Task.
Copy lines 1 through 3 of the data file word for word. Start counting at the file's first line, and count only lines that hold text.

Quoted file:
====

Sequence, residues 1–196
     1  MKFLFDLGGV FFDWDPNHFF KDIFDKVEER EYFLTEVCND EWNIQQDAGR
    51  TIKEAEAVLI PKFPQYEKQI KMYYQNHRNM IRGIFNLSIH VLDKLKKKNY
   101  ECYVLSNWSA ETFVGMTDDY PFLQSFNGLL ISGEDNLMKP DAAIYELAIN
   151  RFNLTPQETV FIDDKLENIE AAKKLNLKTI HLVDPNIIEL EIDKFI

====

Sequence, residues 1–196
     1  MKFLFDLGGV FFDWDPNHFF KDIFDKVEER EYFLTEVCND EWNIQQDAGR
    51  TIKEAEAVLI PKFPQYEKQI KMYYQNHRNM IRGIFNLSIH VLDKLKKKNY